Article first published as Book Review: The Family Fang by Kevin Wilson on Blogcritics.
When Camille finds herself pregnant, at first they are concerned, can true art exist with a child present. Caleb and Camille set out to prove that it can, and once their second child comes along they have incorporated both children into the fold somehow convincing others that what they do is the real thing. Annie and Buster are raised to be involved in this strangely mischievous form of discipline. The more reaction the better, as each strange and unlikely occurrence is photographed or taped for posterity. Many of the stunts are wild but would attract crowds like locust. They are often arrested for the disturbances they cause.
As Annie and Buster grew they found themselves ready to break away. This is exactly what they did. Buster began with writing, and Annie became an actress. Yet their lives are not easy. Annie has done well but is not sure of her abilities. Buster has moved on, and done some news stories, and when he is chosen to do a story on a group in Idaho that has developed a potato gun, he is interested. He finds himself with an interesting group, willing to pull out the stops to show off their hardware. After several practice sessions on each other, they finally convince Buster to hold the target on his head. Finally agreeing he is amazed at how he feels when the stunt works. Making himself available for one last time, the blast is the last thing he remembers before waking up in the hospital.
It is this accident that brings both he and Annie back into the family fold. Things are still the same, but now the actions and art seem a bit lamer. Their parents do not seem to have the same panache. When Camille and Caleb disappear without warning, both Annie and Buster believe they are up to their old tricks, just another form of art. They will show up with the pictures to post in their gallery. But when the police contact Annie and let her know they have found their vehicle surrounded by blood, Annie and Buster begin to wonder. Can they truly be dead? Or is this one more of their crazy stunts, their unique and odd form of art? How will Annie know the truth of this odd twist of fortune?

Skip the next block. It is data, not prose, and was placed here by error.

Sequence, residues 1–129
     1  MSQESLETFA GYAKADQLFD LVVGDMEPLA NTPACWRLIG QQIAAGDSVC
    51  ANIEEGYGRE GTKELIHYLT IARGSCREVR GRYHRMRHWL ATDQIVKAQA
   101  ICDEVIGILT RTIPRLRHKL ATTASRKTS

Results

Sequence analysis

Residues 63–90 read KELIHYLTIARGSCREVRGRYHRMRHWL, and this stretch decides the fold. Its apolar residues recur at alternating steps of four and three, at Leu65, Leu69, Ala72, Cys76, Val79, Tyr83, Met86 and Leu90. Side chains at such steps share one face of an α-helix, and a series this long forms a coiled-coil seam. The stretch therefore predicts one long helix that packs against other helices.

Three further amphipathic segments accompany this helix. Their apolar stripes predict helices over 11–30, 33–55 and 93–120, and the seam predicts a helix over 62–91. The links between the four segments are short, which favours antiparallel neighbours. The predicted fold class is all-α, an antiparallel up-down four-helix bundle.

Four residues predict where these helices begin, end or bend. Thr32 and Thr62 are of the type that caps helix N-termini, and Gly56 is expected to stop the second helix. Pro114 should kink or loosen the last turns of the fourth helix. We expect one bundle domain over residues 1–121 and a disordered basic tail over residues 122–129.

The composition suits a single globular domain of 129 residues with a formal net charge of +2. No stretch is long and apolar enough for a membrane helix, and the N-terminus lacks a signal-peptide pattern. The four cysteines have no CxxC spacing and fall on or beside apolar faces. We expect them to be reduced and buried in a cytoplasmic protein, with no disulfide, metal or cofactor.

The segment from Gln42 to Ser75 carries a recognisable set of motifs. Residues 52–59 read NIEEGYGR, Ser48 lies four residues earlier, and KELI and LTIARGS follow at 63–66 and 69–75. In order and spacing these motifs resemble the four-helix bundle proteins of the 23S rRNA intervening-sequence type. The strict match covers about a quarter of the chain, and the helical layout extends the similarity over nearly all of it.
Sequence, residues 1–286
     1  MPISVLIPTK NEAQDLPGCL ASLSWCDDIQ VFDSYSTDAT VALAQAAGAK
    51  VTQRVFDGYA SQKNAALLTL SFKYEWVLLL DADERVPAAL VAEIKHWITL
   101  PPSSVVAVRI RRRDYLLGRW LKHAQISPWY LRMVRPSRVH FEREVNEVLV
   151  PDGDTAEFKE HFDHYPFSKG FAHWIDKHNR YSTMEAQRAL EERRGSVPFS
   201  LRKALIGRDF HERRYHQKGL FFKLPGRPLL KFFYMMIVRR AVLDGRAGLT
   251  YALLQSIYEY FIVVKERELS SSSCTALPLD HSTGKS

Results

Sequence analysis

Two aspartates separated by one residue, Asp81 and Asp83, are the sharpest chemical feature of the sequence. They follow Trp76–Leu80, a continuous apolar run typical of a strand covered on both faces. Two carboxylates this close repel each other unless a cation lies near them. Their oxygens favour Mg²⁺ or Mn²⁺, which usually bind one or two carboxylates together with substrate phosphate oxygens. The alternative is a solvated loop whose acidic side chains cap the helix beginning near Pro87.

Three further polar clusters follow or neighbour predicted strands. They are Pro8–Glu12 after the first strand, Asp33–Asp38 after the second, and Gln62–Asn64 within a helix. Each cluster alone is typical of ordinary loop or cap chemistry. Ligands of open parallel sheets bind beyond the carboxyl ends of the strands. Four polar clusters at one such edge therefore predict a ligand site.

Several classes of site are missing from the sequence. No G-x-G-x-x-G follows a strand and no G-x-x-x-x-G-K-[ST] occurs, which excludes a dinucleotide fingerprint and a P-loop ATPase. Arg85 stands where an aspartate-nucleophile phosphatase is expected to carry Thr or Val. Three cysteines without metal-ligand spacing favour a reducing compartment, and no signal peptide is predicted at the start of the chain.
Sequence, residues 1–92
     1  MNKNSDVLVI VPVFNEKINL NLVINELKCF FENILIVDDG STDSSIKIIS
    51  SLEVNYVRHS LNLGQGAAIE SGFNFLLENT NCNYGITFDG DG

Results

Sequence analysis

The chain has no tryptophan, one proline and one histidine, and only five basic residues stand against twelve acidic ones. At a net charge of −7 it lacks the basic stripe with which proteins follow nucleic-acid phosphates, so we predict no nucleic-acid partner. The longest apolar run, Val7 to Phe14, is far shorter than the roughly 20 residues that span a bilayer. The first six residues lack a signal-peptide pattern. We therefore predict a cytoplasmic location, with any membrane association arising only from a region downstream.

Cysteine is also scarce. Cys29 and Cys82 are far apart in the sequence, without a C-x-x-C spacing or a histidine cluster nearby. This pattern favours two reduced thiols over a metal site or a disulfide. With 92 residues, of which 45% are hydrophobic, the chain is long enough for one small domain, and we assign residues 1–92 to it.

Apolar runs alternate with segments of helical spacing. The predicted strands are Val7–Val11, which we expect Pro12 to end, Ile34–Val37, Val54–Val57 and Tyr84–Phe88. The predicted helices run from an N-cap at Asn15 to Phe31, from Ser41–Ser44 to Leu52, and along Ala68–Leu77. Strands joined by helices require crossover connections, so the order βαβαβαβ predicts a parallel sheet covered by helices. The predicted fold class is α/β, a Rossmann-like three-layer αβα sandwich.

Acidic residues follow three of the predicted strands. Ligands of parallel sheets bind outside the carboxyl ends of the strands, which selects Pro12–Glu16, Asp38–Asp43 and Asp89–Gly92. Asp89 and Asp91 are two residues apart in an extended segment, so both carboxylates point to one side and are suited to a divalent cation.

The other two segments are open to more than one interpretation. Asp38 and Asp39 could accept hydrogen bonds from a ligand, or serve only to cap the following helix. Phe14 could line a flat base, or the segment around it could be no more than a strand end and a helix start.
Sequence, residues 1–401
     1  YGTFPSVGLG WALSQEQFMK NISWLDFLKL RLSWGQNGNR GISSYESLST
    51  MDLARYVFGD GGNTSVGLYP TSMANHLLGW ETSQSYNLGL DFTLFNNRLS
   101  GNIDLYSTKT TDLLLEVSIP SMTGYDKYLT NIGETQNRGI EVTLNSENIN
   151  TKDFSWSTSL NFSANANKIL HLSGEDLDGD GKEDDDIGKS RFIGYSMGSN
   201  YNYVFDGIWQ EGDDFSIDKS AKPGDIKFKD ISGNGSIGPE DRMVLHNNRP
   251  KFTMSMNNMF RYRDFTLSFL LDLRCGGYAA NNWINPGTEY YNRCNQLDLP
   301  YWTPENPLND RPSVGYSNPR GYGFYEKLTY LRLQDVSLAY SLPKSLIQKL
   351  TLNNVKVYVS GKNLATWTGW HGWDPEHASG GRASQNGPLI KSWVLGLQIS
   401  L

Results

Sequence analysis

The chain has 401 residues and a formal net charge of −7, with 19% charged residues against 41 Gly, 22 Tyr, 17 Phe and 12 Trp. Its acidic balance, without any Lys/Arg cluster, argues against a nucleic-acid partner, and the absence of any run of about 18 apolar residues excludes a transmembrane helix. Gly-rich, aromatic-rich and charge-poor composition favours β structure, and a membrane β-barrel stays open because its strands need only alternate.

Wilson has put together an interesting form of comedic tragedy. He has structured the life of his characters around art, with all parts of their lives a form of the canvas itself. The interplay was interesting and how the children developed based off the early years seemed to be a bit of tragedy. I understand the book to be a bit of comedy and yet I could not see the comedy, only the sadness of the situation.
I found the book a bit of a struggle to get through although it was written quite well. I found the premise a bit over the top and a little unbelievable, but I felt a certain pain for the children. It seemed as though they were never really children at all but parts of a chess set, made to move and destroy at will, and I found certain sadness in that.
If you find a bit of comedy and tragedy intertwined to create an intricate piece of art, you might enjoy this work. It was entertaining to a degree, but I found it to be strongly in a place of its own. The characters were certainly well written, and I found myself admiring those bits of themselves they were able to salvage from their childhood.
A book club would enjoy such a work, the intricacies of the tale would give them discussion and dissembling both for argument and agreement.
I received this Book as an ARC. All opinions are my own based off my reading and understanding of the material.